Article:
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Sunday Night Journal — June 11, 2006

One Cheer for Roy Moore

Roy Moore, running for the Republican nomination for the Alabama governership, was easily defeated last week by incumbent Governor Bob Riley. All the polls had predicted this, so if those were correct then the majority of the state’s citizens were pleased by the defeat. Although he continues to refer to himself as a judge, Moore was deposed from the Alabama Supreme Court after he defied a court order to remove from the Supreme Court building a monument quoting and honoring the Ten Commandments and delineating the connection between the laws of man and the laws of God. (See the monument here).Alabama is a conservative and religious state, and so the widespread rejection of Moore’s stand may seem a little surprising. “Conservative” probably trumps “religious” in the citizenry as a whole, though, and if there’s one thing you could probably always count on a large majority of them to disapprove it’s a deliberate defiance of the law. When Moore, as Chief Justice of the Supreme Court, refused to obey a court order, he was finished. The attorney general at the time, Bill Pryor, himself a firm conservative and a Catholic, was in sympathy with Moore’s views but did not hesitate to set in motion the legal machinery for Moore’s dismissal.I did not want to see Moore become governor of my state. His use of the Commandments smacked of demagoguery, and his insistence on displaying them hardly amounted to a qualification for rule. He strikes me personally as something of an egotist and grandstander, and there’s an off-putting self-righteousness in his face and manner. And like many Alabamians I’ve had more than enough of politicians who give the rest of the country reasons to maintain their prejudice that we’re all morons and/or fanatics. Of course the prejudice is, like most, not without foundation, but I’m not at all sure we’re worse than other states—we’re just more colorfully moronic and fanatical than most of them. But for all his faults Moore was fundamentally in the right, and like many grandstanders he has hurt his cause. No doubt his reading of history tilted inaccurately in an evangelical Protestant direction, but he was clearly right that American Constitutionalism arose in a culture which took for granted the existence of the absolute moral norms of the Ten Commandments. For insisting in an unseemly way on this connection between the laws of man and the laws of God, Moore lost his office and seems to have little prospect of reviving his political career. Moore created a controversy which was at bottom an attempt to force into public consciousness and public debate the question which almost all our politicians and opinion-makers wish to avoid: what, in the end, is the foundation of social order? Either there are absolute rights and wrongs, or there are not. If there are, what are they? If there are not, on what authority does any society declare one thing lawful and another not so? And on what authority does it enforce those declarations?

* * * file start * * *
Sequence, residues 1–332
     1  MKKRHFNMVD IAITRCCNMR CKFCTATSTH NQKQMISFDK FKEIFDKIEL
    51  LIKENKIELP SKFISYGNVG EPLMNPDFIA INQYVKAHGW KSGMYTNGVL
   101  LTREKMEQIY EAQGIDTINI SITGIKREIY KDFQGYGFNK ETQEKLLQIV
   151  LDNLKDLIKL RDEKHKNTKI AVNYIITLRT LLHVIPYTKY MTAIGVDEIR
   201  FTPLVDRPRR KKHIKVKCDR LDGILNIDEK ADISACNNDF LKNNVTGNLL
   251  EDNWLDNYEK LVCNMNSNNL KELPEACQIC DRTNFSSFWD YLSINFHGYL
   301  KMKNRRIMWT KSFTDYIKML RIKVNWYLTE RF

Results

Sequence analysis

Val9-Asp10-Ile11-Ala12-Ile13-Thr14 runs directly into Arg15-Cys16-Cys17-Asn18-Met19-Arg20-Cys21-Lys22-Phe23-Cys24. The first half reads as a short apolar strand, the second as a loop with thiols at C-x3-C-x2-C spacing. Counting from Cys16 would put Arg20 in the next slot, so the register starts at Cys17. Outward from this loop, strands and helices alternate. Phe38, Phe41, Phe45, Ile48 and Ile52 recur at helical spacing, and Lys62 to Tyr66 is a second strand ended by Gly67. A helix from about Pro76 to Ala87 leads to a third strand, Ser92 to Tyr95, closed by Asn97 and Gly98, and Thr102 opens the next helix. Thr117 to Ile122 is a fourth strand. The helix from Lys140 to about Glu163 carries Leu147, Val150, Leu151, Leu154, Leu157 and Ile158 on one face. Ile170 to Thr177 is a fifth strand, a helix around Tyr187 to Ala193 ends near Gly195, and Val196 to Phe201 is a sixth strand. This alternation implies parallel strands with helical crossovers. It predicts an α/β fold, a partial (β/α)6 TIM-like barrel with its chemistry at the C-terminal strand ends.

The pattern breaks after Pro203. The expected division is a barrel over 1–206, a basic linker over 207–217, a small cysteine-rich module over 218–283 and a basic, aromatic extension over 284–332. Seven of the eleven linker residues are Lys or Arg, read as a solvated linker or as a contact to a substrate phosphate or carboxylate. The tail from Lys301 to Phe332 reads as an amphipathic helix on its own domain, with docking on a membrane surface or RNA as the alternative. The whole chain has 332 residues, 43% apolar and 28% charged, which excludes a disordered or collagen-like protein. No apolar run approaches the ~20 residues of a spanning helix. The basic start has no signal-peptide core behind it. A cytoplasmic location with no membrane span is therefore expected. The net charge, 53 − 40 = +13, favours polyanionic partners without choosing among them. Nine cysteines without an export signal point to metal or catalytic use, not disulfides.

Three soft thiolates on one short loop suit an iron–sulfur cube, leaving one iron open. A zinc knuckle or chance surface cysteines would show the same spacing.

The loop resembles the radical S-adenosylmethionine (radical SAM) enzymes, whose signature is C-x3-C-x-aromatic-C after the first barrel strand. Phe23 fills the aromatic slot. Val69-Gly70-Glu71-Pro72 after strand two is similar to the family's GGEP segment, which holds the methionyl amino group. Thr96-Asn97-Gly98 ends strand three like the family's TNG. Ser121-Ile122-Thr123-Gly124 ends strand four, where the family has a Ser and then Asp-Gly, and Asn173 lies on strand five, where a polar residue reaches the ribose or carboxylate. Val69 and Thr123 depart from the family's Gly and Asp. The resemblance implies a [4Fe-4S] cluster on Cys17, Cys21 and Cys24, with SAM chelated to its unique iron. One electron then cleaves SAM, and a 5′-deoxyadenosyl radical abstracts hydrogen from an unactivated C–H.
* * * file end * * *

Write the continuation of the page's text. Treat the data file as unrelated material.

The conventional answer to these questions is incoherent: there are no absolute moral laws, but there are things one mustn’t do. Up until 1960 or 1970, there was a rough consensus about these, and the lack of a solid foundation for the consensus could be ignored. The abortion question among others shattered that consensus. This was a disagreement which could not be exorcised with the chant of “You’re entitled to your opinion.” There is too much at stake; both sides know it is not a merely private concern. The attempt to sever once and for all the concept of marriage from the concept of family by allowing something called marriage between persons of the same sex is similarly intractable: there is no way to resolve the dispute without one side or the other losing in a definitive way, and finding itself trapped in a society which is hostile to it.

Moore’s essential insight, however badly or contentiously he may have framed and pursued it, was that the refusal to acknowledge the Judeo-Christian foundations of the Constitution is, in the end, an attack on the Constitution itself. In order to avoid acknowledging this dependency, doctrinaire secularism must attack not the specific teachings of the Ten Commandments but their authority, which means in practice, and for now, the denial of the very concept of a transcendent authority.

No society can exist indefinitely without some sort of consensus on fundamental questions, because these determine the way people behave toward each other. In the absence of a moral law to which appeal can be made, the ultimate arbiter is the force of the state. And the state which is at bottom lawless and entirely the tool of a dominant faction will in time prove a much more severe master than any Alabama fundamentalist.



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